Stan Lee, the legendary writer, editor, and publisher of Marvel Comics, died on November 12 in Los Angeles at the age of 95. Lee started off in the comic book business as a gofer in 1939, making $8.00 a week. Since then, he was responsible for the creation or co-creation of such unforgettable and iconic characters as Spider-Man, the X-men, Thor, Iron Man, Black Panther, and the Fantastic Four. In the 1960s, Lee began to realize that it wasn’t enough for superheroes to be strong: they also needed to have personality. He began to give them interesting and human flaws, and also created psychologically complex villains. His creation process became known as “The Marvel Method”: Lee would brainstorm a story with an artist and write a synopsis, and then after the artist drew the story panels, Lee would fill in the word balloons and captions. Thanks largely to Lee’s contributions, Marvel went from a small business to the world’s number-one publisher of comic books. The company eventually became Marvel Entertainment and was purchased by Disney in 2009 for $4 billion dollars. Marvel characters are featured in almost every one of the top-grossing superhero films of all time.

His personal life, though, was not quite as successful. Born Stanley Martin Lieber in New York City, he grew up poor. Even after he achieved fame in the comic world, the Manhattan literary community snubbed his work as insignificant. In 1947, he married his wife, Joan, and had two daughters, one of whom died in infancy. His later years were marked by the death of Joan and by legal troubles–he sued the executives at a company he founded, his ex-business manager, and the man who had been handling his affairs. Overall, however, he leaves behind an incredible legacy as generation after generation of children (and adults) enjoy his creations.

What Do You Think? In your opinion, what was Stan Lee’s greatest contribution? Why?

#SausageGate

Apparently, Australians take sausage sandwiches very seriously. So seriously, in fact, that the suggestion of a change to how sausage sandwiches are arranged has led to a national outcry.

Here’s what happened. In Australia, a national chain of 300 hardware stores called Bunnings Warehouse regularly allows community groups to host barbecues called “sausage sizzles,” during which the groups sell sausage sandwiches outside the store as a fundraiser. These open-faced sandwiches are pretty simple, and consist of a sausage, topped with onion and ketchup (or “tomato sauce” in Australia), on a slice of white bread. However, last week Bunnings sent out a message to community groups that the sandwiches are now to be made with the onion on the bottom only. This, according to Bunnings, is because people often buy a sandwich and enter the store while eating it. Bunnings feared that the slippery grilled onions might slide off the top of the sandwich and wind up on the floor, where other customers could slip and fall on them, possibly leading to lawsuits.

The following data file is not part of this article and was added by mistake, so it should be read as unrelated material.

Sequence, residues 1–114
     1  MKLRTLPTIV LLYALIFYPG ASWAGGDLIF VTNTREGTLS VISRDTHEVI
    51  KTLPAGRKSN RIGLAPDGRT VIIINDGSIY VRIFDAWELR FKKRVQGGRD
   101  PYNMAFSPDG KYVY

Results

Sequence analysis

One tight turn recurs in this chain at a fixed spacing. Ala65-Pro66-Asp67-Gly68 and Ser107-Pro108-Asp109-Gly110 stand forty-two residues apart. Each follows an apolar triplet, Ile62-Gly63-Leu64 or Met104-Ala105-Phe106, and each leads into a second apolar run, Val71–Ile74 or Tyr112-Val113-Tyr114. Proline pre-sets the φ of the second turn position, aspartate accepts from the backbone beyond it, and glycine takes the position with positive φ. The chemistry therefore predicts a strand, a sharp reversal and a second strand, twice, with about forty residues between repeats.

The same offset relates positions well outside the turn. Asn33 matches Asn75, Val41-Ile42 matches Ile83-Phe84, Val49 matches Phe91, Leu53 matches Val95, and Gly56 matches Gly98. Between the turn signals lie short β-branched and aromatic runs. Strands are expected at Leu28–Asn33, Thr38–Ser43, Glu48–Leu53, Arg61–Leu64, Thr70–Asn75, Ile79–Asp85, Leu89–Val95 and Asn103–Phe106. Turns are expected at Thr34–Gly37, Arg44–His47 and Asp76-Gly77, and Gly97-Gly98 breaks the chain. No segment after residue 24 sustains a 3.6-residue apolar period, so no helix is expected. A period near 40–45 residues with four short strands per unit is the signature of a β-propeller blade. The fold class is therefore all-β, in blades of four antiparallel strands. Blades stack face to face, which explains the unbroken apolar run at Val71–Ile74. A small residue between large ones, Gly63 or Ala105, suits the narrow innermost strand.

The suggestion was not well received by the Australian public, with the hashtag #sausagegate popping up all over social media. Even the prime minister was pressed by reporters for his take on the situation. (He said he would keep eating the sandwiches either way.) The outcry led some skeptics to wonder if the whole thing was just a way for Bunnings to try to gain itself some publicity, but the store’s owners insist that safety is truly their first priority. In fact, several customers have actually slipped on the fallen onions in the past, which has forced the store to make financial payouts. These victims insist that the onion controversy is no laughing matter, and point out that one could even be killed by such a fall if one’s head hits the concrete floor on the way down.

What Do You Think? What’s your take on the Bunnings sausage sandwich controversy? Do you think it’s right that the company has asked community groups to make a change to protect their customers? Or do you feel like the push for safety has gone too far?